Pattern Classification, Chapter 1 ones we already have. A precaution should be taken not to reduce the performance by adding such “noisy features”


Pattern Classification, Chapter 1


Pattern Classification, Chapter 1 aim of designing a classifier is to correctly classify novel input


Pattern recognition systems
Pattern Recognition Systems aim of designing a classifier is to correctly classify novel input

  • Sensing

    • Use of a transducer (camera or microphone)

    • PR system depends of the bandwidth, the resolution sensitivity distortion of the transducer

Pattern Classification, Chapter 1


Pattern Classification, Chapter 1 aim of designing a classifier is to correctly classify novel input

  • Segmentation and grouping

    • Patterns should be well separated and should not overlap

    • Segmentation faces some problems in

      • Speech recognition(nonsense words).

      • Recognition or grouping together(i,=).

      • Mereology ( i.e. the study of part/whole relationship ).


  • Feature extraction aim of designing a classifier is to correctly classify novel input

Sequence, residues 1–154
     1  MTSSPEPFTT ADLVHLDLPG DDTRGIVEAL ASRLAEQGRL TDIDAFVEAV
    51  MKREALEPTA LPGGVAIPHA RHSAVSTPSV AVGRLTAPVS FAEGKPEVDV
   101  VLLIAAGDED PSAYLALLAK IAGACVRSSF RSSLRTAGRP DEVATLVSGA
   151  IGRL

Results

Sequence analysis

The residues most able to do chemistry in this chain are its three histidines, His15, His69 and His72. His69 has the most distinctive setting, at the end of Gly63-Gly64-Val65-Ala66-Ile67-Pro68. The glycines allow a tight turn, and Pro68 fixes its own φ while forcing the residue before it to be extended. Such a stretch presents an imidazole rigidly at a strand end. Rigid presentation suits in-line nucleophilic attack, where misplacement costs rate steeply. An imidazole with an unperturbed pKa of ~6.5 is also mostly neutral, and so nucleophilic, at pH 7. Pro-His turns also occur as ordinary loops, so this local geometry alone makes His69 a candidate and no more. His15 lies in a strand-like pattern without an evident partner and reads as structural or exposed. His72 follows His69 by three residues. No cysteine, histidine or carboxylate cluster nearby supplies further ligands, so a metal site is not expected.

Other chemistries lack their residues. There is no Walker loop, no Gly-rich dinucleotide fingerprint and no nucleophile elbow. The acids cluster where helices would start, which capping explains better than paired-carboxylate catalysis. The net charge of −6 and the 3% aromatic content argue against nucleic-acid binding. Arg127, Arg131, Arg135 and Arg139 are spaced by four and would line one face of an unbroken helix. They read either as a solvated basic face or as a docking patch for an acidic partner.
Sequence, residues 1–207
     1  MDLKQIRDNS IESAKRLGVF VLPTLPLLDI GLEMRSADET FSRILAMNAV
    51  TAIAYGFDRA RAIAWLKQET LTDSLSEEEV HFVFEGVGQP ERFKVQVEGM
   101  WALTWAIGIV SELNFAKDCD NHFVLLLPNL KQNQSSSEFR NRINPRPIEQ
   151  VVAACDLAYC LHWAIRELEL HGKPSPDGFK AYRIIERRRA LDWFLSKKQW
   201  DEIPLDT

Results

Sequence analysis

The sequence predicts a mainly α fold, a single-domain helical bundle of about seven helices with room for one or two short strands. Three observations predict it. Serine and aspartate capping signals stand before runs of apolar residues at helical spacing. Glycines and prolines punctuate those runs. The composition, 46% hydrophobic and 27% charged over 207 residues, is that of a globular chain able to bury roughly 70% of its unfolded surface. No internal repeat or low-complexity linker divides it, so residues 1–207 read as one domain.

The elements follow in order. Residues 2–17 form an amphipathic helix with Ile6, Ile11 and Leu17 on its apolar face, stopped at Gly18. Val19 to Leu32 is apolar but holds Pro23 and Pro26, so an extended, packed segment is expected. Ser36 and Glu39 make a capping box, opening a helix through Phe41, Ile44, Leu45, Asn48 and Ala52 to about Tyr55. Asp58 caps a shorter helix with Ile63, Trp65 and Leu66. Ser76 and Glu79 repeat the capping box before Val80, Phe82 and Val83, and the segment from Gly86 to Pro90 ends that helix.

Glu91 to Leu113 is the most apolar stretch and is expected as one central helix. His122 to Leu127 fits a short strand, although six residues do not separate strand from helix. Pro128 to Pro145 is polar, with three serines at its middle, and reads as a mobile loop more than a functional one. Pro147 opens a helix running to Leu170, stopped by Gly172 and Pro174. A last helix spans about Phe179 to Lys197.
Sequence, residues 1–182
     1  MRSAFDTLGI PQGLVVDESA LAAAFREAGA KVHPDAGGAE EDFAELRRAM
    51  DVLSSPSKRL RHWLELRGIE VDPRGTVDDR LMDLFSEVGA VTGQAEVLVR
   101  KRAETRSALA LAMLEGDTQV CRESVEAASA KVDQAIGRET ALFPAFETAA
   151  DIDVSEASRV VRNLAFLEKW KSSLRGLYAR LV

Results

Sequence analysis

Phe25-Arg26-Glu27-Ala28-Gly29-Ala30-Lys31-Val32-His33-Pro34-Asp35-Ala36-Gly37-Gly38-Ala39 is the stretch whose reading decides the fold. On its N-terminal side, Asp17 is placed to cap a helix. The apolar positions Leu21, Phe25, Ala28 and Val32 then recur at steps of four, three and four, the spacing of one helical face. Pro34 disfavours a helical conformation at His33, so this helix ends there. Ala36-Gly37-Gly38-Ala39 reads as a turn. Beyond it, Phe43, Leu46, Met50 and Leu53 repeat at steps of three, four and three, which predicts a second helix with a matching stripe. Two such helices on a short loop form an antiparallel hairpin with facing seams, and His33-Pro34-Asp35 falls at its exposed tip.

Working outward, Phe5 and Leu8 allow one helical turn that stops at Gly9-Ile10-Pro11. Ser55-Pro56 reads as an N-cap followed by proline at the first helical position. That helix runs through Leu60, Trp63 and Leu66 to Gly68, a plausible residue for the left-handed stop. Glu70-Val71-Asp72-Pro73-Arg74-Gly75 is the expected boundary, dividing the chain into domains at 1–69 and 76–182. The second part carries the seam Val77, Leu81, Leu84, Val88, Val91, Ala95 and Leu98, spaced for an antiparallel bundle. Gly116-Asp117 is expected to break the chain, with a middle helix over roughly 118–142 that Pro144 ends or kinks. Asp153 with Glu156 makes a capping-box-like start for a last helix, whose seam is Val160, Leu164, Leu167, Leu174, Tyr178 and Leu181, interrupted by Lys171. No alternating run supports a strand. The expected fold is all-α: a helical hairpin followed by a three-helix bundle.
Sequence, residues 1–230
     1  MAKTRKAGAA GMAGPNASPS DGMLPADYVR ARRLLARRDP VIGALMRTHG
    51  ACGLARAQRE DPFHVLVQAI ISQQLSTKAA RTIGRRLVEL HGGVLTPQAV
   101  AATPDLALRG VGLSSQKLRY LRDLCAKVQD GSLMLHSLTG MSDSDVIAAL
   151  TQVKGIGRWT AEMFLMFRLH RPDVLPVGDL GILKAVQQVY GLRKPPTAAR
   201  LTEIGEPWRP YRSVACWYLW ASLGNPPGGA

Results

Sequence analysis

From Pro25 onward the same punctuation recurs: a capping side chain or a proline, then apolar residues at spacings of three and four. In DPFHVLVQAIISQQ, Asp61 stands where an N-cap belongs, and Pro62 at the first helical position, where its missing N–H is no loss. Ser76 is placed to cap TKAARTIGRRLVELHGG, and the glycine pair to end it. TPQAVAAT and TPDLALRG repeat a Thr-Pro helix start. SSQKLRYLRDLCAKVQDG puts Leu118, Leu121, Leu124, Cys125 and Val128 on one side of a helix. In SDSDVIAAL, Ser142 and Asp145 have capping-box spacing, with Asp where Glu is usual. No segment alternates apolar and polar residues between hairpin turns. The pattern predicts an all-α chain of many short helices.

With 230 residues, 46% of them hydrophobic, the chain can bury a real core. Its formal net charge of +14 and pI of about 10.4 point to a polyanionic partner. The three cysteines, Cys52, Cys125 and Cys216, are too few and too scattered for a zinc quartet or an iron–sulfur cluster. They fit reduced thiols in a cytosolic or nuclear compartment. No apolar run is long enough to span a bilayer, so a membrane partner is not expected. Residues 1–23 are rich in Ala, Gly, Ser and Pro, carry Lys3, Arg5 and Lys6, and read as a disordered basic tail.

• Discriminative features

    • Invariant features with respect to translation, rotation and scale.

  • Classification

    • Use a feature vector provided by a feature extractor to assign the object to a category

    • The difficulty of classification problem

Pattern Classification, Chapter 1


Pattern Classification, Chapter 1 aim of designing a classifier is to correctly classify novel input

  • Post Processing

    • Uses the output of the classifier to decide on the recommended action.

    • Exploit context input dependent information other than from the target pattern itself to improve performance


Pattern Classification, Chapter 1 aim of designing a classifier is to correctly classify novel input


The design cycle
The Design Cycle aim of designing a classifier is to correctly classify novel input

  • Data collection

  • Feature Choice

  • Model Choice

  • Training

  • Evaluation

  • Computational Complexity

Pattern Classification, Chapter 1


Pattern Classification, Chapter 1 aim of designing a classifier is to correctly classify novel input


  • Data Collection aim of designing a classifier is to correctly classify novel input

    • How do we know when we have collected an adequately large and representative set of examples for training and testing the system?

Pattern Classification, Chapter 1


  • Feature Choice aim of designing a classifier is to correctly classify novel input

    • Depends on the characteristics of the problem domain. Simple to extract, invariant to irrelevant transformation insensitive to noise.

    • Prior knowledge plays major rule in this phase